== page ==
Naí Illicit, 106.
Thriving International Weapons Trade
Today most parts of the African continent are still plagued by poverty, violence and
suffering. Almost all of the ten poorest countries in the world are in Africa, 24 and poverty is
always the major and direct cause of slavery. Ironically, “according to the United Nations, since
1990 the small-arms trade has fueled close to fifty wars around the world, especially (though not
only) in Africa.”25 Vast amounts of cold war-era overstock have flowed into Africa through the
international weapons trade,26 and it is also one of the most important reasons why there are so
many civil wars in Africa. As a result, numerous wars bring about poverty, which in turn creates
a conducive environment for traffickers and recruiters to enslave those vulnerable women and
children as forced labors, sex slaves, and child soldiers.
Loving Our Global Neighbors
The church today often faces the question about how it ought to confront globalization. If
we cannot adapt and adapt speedily, it is sometimes said, we will be left behind. Yet it seems to
me that this question here is in fact misplaced. From a biblical perspective, it is globalization that
has to face the church. “We must judge „the pattern of this world‟ and decide under the counsel
of the Holy Spirit what is good and what is not good about it.”27 As the apostle Paul says, “Do
not conform any longer to the pattern of this world, but be transformed by the renewing of your
mind. Then you will be able to test and approve what God's will is—his good, pleasing and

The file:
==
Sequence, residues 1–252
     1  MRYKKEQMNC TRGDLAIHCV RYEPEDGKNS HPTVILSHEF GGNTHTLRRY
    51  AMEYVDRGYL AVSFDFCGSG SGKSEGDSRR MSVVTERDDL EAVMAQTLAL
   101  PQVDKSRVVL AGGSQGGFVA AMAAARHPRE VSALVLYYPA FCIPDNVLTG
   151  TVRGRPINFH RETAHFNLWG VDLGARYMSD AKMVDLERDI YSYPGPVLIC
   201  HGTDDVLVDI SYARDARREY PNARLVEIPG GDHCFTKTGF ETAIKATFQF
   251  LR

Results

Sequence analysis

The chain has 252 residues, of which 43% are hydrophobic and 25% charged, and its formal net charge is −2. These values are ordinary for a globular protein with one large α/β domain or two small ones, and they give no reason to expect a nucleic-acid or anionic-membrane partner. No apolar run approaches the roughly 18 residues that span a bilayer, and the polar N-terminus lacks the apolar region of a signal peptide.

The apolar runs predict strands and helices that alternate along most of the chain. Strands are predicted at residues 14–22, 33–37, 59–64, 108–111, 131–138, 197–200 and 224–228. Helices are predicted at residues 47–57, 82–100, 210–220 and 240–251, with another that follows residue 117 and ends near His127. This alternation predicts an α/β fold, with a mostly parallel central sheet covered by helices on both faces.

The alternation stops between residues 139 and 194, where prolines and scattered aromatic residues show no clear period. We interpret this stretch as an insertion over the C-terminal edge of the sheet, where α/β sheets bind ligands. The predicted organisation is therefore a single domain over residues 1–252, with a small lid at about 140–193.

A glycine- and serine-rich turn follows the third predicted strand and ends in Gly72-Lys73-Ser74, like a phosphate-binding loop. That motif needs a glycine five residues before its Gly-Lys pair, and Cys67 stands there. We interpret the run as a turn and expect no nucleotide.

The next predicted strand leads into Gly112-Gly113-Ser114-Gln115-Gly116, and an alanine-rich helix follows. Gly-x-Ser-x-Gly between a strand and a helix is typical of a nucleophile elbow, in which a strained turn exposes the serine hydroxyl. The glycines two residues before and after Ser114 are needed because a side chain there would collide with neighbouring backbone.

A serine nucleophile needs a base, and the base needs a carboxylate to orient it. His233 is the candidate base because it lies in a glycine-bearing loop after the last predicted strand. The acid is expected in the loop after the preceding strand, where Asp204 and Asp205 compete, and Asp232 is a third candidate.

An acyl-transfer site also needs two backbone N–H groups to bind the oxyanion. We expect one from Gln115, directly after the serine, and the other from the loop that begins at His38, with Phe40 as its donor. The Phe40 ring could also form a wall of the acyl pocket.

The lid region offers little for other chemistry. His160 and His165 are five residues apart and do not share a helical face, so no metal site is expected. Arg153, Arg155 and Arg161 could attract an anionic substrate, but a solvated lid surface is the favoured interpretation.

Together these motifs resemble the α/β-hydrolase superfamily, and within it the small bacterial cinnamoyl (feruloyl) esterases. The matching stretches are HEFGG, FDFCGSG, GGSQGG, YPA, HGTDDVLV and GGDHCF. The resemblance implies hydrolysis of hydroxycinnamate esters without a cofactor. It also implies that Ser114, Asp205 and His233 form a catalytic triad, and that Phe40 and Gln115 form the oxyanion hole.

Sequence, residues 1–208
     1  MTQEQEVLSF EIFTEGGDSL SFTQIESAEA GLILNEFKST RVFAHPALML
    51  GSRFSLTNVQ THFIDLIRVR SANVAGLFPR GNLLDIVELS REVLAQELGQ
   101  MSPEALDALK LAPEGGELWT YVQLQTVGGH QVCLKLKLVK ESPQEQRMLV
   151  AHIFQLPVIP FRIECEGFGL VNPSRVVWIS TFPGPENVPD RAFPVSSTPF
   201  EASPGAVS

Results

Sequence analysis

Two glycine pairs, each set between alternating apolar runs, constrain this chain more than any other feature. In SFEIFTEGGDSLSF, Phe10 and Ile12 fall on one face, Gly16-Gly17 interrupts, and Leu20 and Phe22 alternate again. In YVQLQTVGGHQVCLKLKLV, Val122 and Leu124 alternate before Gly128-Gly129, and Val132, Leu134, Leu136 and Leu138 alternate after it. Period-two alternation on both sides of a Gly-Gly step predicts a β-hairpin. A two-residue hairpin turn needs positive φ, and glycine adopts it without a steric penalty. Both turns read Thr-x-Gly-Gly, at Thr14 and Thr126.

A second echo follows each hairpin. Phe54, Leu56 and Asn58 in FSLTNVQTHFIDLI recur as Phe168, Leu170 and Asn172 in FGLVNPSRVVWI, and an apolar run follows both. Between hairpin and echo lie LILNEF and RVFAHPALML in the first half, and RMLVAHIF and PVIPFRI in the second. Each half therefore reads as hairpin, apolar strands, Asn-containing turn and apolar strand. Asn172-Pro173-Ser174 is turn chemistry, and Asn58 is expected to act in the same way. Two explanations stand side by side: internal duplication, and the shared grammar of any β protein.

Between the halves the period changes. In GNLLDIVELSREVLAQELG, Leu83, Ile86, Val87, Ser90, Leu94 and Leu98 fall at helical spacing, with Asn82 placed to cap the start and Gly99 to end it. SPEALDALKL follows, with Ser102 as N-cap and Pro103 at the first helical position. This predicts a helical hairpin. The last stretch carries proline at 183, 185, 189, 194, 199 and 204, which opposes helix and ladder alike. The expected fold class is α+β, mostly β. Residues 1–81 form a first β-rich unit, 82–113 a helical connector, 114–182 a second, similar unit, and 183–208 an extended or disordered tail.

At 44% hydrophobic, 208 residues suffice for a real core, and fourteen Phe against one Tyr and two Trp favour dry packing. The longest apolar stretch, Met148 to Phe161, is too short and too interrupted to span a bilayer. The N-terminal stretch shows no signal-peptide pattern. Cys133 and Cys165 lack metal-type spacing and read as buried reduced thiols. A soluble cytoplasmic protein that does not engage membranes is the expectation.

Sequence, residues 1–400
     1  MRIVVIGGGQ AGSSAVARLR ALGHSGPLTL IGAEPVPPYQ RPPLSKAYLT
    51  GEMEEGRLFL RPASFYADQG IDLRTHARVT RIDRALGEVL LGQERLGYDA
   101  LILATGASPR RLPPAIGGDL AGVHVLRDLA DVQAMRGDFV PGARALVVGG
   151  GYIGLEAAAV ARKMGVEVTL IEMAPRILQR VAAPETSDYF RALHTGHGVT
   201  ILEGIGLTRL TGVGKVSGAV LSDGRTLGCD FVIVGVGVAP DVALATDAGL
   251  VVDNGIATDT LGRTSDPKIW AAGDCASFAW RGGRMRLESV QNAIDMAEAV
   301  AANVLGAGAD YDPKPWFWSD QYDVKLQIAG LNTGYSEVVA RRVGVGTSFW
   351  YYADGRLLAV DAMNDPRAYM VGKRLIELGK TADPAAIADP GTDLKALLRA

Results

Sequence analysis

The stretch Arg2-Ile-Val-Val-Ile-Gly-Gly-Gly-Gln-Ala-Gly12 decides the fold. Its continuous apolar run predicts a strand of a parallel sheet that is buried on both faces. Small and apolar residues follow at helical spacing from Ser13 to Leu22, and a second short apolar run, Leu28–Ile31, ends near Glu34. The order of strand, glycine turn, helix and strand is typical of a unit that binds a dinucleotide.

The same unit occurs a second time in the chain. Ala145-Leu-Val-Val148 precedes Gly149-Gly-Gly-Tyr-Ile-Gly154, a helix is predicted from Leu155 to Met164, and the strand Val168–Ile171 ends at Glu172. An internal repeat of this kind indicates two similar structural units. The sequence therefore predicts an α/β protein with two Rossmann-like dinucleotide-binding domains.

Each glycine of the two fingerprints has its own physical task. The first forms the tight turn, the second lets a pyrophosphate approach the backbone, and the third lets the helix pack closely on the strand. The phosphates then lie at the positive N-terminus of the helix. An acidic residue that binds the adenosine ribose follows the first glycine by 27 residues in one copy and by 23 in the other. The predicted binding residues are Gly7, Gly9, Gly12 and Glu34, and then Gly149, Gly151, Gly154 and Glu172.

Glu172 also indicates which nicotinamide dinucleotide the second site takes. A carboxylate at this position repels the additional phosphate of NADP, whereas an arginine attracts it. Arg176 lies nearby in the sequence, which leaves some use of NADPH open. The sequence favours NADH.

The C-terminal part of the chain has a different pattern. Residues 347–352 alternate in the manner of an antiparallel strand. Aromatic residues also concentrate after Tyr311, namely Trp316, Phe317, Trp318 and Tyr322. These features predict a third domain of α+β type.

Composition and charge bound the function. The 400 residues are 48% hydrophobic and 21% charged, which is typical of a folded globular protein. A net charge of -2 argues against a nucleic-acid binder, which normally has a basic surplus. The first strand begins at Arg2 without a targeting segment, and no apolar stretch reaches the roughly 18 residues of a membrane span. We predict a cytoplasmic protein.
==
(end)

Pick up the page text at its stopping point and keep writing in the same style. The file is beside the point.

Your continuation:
perfect will” (Romans 12:2). Therefore, we are not called to adjust or accommodate to
Maps of World, “Top Poorest Countries,”
http://www.mapsofworld.com/world-top-ten/world-top-ten-poorest-countries-map.html (accessed June 6, 2009).
Naí Illicit, 15.
William D. Taylor, Global Missiology for the Twenty-First Century: Reflections from the Iguassu Dialogue
(Grand Rapids, MI: Baker Books, 2000), 60.
globalization, but rather to speak to and save the enslaved and oppressed, who are caught up in
the wave of globalization, just as those witnesses did with all the previous tidal wave in human
history.28 We are called to be witnesses of God‟s love, compassion, and justice for the young
woman held in forced prostitution, for the worker illegally detained and tortured, and for the
child sold into slavery.
The Scriptures reminds us, “Remember those in prison as if you were their fellow prisoners,
and those who are mistreated as if you yourselves were suffering” (Hebrews 13:3). We need to
recall the plight of the oppressed and imprisoned. Furthermore, Christ taught us that to love our
neighbor as ourselves (Matthew 22:37-40), which means to treat them the way we would like to
be treated (Luke 6:31),29 stands as the core of our faith. Hence, through the parable of Good
Samaritan I will address why and how to love our global neighbors—the oppressed, the
marginalized, the disadvantaged and the vulnerable around the world.
A Far One? A Near One?
Luke 10:25-37 describes a profound and meaningful conversation between Jesus and a